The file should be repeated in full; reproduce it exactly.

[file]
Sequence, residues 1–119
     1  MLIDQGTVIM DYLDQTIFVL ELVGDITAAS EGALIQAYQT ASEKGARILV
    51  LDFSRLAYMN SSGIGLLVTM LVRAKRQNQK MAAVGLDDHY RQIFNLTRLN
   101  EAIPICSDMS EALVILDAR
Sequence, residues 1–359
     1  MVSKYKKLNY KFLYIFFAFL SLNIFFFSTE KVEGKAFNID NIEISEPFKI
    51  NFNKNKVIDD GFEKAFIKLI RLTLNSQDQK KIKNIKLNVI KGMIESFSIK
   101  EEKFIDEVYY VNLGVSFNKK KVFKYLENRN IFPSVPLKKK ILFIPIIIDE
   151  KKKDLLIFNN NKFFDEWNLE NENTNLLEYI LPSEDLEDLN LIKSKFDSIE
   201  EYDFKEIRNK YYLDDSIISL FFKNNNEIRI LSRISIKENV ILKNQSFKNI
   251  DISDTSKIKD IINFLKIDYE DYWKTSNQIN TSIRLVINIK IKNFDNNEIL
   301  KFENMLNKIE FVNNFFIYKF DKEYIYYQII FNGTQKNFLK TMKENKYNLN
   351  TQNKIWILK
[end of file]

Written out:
Sequence, residues 1–119
     1  MLIDQGTVIM DYLDQTIFVL ELVGDITAAS EGALIQAYQT ASEKGARILV
    51  LDFSRLAYMN SSGIGLLVTM LVRAKRQNQK MAAVGLDDHY RQIFNLTRLN
   101  EAIPICSDMS EALVILDAR
Sequence, residues 1–359
     1  MVSKYKKLNY KFLYIFFAFL SLNIFFFSTE KVEGKAFNID NIEISEPFKI
    51  NFNKNKVIDD GFEKAFIKLI RLTLNSQDQK KIKNIKLNVI KGMIESFSIK
   101  EEKFIDEVYY VNLGVSFNKK KVFKYLENRN IFPSVPLKKK ILFIPIIIDE
   151  KKKDLLIFNN NKFFDEWNLE NENTNLLEYI LPSEDLEDLN LIKSKFDSIE
   201  EYDFKEIRNK YYLDDSIISL FFKNNNEIRI LSRISIKENV ILKNQSFKNI
   251  DISDTSKIKD IINFLKIDYE DYWKTSNQIN TSIRLVINIK IKNFDNNEIL
   301  KFENMLNKIE FVNNFFIYKF DKEYIYYQII FNGTQKNFLK TMKENKYNLN
   351  TQNKIWILK